David Mandelbaum: (03:10)

One is even if I knew all of the facts of a case, what every single party had done, what waste or other material it had brought to a site or discharged to a river, under what circumstances, what the materials were and what effects they had on risk, I still wouldn't be confident that I knew what the allocation would be because you would have to come up with an allocation methodology, some kind of algorithm or spreadsheet or formula, however you want to think about it, to take all those facts and convert them into that list of numbers that add up to 100%.

David Mandelbaum: (03:59)

That's the first problem, this kind of radical uncertainty about what's fair. The second problem is that if any fact can matter, the number of facts is unmanageably large in many, many sites. The process can kind of swallow the value of the outcome. It can take forever or cost a fortune, and there must be a better way to get to an outcome either through litigation or through an ADR process. Is that your experience as well?

William Hengemihle: (04:39)

Right, David, it is my experience. A lot of parties start off in the allocation process thinking they'll have that kind of perfect information of knowing what everybody put into a site, what kinds of chemicals, what type of mass. And ultimately, when they get into the process, they're disappointed about what we really know to inform the allocation, given the passage of time, death of witnesses. I mean, the relevant time period of these sites goes back to the civil war in some instances.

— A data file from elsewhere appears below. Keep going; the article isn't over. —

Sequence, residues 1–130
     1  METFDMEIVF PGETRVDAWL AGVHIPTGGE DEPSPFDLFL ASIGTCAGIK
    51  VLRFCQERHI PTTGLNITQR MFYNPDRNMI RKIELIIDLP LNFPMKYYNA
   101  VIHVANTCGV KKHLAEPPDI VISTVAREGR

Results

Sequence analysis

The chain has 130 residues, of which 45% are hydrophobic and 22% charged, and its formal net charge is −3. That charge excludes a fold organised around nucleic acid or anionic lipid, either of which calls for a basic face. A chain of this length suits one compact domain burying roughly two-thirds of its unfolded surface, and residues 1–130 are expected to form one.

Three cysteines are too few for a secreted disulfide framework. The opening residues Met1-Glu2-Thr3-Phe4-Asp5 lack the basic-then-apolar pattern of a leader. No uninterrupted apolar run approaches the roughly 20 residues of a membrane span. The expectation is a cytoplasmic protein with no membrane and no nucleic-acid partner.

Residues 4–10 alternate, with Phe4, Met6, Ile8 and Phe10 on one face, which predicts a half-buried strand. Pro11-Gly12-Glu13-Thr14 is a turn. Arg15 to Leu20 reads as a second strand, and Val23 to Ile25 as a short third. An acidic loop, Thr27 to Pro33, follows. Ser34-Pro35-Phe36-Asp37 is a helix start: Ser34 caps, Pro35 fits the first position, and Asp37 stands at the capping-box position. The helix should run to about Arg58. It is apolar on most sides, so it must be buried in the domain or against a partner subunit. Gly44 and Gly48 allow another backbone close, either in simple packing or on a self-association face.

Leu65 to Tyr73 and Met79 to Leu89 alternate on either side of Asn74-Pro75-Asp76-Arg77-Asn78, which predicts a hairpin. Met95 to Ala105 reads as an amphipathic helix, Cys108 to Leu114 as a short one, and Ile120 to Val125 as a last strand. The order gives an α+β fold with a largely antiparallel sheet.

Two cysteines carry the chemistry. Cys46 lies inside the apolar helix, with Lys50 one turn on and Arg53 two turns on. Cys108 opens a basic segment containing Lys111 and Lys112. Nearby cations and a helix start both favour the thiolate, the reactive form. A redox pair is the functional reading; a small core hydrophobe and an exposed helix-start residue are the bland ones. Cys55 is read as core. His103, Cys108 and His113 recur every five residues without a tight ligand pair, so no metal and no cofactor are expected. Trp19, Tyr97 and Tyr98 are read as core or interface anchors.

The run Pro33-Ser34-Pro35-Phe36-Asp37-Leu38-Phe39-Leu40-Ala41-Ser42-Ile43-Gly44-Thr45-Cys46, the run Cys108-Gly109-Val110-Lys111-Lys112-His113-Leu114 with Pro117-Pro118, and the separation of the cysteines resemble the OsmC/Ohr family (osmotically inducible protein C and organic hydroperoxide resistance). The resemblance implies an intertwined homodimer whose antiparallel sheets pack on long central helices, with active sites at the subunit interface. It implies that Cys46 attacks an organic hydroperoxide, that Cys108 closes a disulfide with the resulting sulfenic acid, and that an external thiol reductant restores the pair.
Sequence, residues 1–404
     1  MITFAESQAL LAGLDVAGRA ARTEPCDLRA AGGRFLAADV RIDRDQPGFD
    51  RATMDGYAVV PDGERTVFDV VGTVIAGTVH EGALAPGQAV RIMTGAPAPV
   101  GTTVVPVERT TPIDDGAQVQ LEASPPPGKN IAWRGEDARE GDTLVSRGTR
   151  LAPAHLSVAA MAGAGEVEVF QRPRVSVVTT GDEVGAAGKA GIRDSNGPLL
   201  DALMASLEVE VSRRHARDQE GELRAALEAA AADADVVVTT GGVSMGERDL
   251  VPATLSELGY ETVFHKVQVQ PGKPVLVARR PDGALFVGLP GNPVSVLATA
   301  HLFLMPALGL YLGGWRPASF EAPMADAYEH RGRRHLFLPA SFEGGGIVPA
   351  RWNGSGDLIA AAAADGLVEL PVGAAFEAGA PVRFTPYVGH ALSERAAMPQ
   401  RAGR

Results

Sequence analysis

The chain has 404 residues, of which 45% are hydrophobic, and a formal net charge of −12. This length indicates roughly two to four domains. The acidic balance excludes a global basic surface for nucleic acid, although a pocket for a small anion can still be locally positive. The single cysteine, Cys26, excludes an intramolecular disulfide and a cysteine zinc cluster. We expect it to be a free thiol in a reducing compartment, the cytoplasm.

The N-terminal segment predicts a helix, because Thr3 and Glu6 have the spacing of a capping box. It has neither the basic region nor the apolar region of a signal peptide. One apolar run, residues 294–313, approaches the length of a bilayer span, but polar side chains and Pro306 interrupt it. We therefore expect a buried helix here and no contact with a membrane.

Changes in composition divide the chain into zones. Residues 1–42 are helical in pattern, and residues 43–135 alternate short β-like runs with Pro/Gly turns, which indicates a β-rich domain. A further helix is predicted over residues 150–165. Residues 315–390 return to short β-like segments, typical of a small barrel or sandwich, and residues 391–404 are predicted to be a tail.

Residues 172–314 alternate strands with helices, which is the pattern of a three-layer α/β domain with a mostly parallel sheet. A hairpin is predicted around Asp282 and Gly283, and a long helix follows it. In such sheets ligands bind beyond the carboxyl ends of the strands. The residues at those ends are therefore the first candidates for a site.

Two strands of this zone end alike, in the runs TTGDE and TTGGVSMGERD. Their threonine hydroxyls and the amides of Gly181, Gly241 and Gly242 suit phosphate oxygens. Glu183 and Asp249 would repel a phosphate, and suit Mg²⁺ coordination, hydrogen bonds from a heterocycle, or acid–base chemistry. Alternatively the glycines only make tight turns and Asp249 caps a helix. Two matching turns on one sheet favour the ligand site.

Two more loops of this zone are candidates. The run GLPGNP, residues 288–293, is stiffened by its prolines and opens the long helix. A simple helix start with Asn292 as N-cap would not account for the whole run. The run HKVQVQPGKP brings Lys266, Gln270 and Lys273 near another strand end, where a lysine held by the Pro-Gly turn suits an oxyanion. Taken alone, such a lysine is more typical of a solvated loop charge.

William Hengemihle: (05:09)

We're talking about decades-old facts that need to be explored, and oftentimes the actual record we have to work with is pretty sketchy. But even so, some focus on the methodology for allocation upfront I think can be beneficial for both the formal litigation process you're describing and have experience with, as well as more the settlement-based ADR process, that's really more of my field, where the objective is settlement as opposed to precision.

William Hengemihle: (05:38)

Still some upfront candid assessment of the methodology can offer some streamlining advantages and some cost savings to all the participants, all the stakeholders.

David Mandelbaum: (05:50)

Let's talk about that a second. For those who have not experienced Superfund practitioners, you would think that the statute would give you guidance as to how you would allocate what counts as a correct division of costs. But as we know, the statute gives you essentially no guidance. It says that a district court is supposed to allocate costs using such equitable factors as it determines are appropriate, which I interpret in colloquial terms as it's supposed to do fairness. It can consider anything.

David Mandelbaum: (06:37)